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She could turn the world on with her smile. No, wait, that was the other classic TV sitcom newswoman. Murphy Brown, as played by multi-Emmy winner Candice Bergen, was a single working woman just like Mary Richards, but with a far snarkier worldview. Throughout 10 seasons on CBS — Nov. 14, 1988, through May 18, 1998 — recovering alcoholic Brown and her fellow journalists at the fictional "FYI" newsmagazine put their spin on everything from the O.J. trial to the Monica Lewinsky scandal on their show; and they tackled topics like divorce, breast cancer, and, most famously, single motherhood in their personal lives.
The tough, no-fools-suffering Murphy — series creator Diane English referred to her as "Mike Wallace in a skirt" — loved Motown, interrogated her interview subjects (including one judge who had a heart attack and died while she was peppering him with questions), and tortured and fired her secretaries (she had dozens throughout the show's run). She was also a feminist, a loyal friend, and a prolific dater … so rich a character that she was included on a TV Guide list of the 25 Greatest TV Characters of All Time.
In honor of the politics-skewering workplace comedy's 25th anniversary, here are 25 things you might not have known about Murphy and company:
1. Emmy Gold! Bergen, the daughter of famed ventriloquist Edgar Bergen and model Frances Westcott, won five Emmys for playing Murphy, the record for the most Emmys won by an actress for playing the same role. She shares the record with Don Knotts, who won five statuettes for playing Barney Fife on "The Andy Griffith Show." Bergen also won two Golden Globes for playing Murphy, and after her fifth Emmy win, she decided to no longer submit herself as a contender for the Outstanding Lead Actress in a Comedy Series Emmy for "Murphy Brown."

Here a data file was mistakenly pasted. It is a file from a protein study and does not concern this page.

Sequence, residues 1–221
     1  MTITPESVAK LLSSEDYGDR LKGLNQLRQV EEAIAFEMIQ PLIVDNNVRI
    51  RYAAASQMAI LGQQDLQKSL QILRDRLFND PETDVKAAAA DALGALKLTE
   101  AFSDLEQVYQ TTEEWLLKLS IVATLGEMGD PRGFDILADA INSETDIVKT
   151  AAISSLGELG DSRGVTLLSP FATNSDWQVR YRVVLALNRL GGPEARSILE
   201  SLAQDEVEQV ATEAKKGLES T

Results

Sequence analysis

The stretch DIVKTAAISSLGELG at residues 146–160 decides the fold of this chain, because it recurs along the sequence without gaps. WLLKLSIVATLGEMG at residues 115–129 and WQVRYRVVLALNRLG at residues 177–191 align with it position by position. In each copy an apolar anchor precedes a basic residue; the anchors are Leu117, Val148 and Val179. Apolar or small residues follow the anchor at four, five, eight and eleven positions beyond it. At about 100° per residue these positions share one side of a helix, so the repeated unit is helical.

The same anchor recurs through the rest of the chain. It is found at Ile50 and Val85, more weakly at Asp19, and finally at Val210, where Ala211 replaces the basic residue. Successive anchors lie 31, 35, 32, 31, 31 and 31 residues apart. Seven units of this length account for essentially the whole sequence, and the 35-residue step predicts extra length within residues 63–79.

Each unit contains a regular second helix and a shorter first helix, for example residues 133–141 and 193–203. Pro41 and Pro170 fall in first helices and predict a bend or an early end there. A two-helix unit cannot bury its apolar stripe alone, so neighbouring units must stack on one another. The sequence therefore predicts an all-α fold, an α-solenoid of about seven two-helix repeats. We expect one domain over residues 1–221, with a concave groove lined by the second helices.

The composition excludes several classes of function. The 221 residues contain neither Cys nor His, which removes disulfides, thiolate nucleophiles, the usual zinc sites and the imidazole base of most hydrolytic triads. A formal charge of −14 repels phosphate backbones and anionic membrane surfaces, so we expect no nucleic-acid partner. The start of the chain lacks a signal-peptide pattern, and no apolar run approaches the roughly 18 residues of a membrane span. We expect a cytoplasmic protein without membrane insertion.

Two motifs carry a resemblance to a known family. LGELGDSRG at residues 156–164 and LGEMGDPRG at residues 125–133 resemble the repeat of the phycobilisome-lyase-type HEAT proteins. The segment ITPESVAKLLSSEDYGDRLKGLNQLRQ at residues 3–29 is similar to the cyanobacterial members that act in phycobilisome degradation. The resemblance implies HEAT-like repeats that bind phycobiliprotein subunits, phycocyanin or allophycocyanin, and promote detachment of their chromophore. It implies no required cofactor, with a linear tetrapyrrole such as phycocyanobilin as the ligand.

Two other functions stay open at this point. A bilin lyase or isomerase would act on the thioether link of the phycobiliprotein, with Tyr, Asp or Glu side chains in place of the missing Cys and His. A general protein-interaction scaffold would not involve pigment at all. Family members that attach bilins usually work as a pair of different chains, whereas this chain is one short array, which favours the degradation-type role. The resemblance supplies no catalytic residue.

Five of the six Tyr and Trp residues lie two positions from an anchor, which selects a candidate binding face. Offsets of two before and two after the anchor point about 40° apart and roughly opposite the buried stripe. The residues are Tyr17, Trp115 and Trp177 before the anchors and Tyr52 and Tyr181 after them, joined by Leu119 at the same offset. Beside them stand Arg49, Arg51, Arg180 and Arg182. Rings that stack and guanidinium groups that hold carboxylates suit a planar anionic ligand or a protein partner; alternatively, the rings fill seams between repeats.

2. Second the Best. Bergen was not the network's first choice for Murphy. CBS execs wanted Heather Locklear to play the role, and it was only the insistence of series creator Diane English that won Bergen the job.
3. From Vogue to TV. English was on the other side of TV before she created "Murphy Brown"; she was the first regular TV columnist for Vogue magazine.
4. "My Movie With Louie." Bergen's real-life husband, Oscar-nominated film director Louis Malle, played himself in a Season 6 episode called "My Movie With Louis" (a nod to his film "My Dinner With André"). In it, he's in town filming a political thriller, and Murphy takes a small role in the movie, despite the objection of network honcho Stan Lansing (guest star Garry Marshall).
5. The Write Stuff. The "Murphy Brown" writing staff included Peter Tolan, who went on to win an Emmy as a writer on "The Larry Sanders Show" and who created, with Denis Leary, "Rescue Me" and "The Job." One of Tolan's "Murphy" cohorts was "2 Broke Girls" creator Michael Patrick King, who won two Emmys as a producer-writer-director on "Sex and the City," while "The Middle" creators DeAnn Heline and Eileen Heisler were also "Murphy Brown" writers.
6. Dan Quayle's Speech.
The most famous storyline in the show's history also became a national scandal. In the Season 4 finale — "Birth 101" — Murphy delivered son Avery, having decided to raise her child as a single working mother. The episode aired on May 18, 1992, and the very next night, then-Vice President Dan Quayle gave a speech in which he said, "Primetime TV has Murphy Brown, a character who supposedly epitomizes today's intelligent, highly paid professional woman, mocking the importance of fathers by bearing a child alone and calling it just another lifestyle choice. I know it's not fashionable to talk about moral values, but we need to do it!" The speech sparked national debate about family values and became a hot-button issue during that year's presidential election. It also elicited a response from the "Murphy Brown" gang, via the Season 5 premiere, "You Say Potatoe, I Say Potato," a reference to Quayle's equally famous misspelling of "potato" at a New Jersey elementary school spelling bee. In the ep, the "FYI" staff responds to Quayle's real speech about the fictional character with a special report on diverse families and then dumps a truckload of tubers in front of Quayle's home. Most surprising, perhaps, were Bergen's thoughts on the hubbub, a decade later. "His speech was a perfectly intelligent speech about fathers not being dispensable," the actress said in 2002. "And nobody agreed with that more than I did."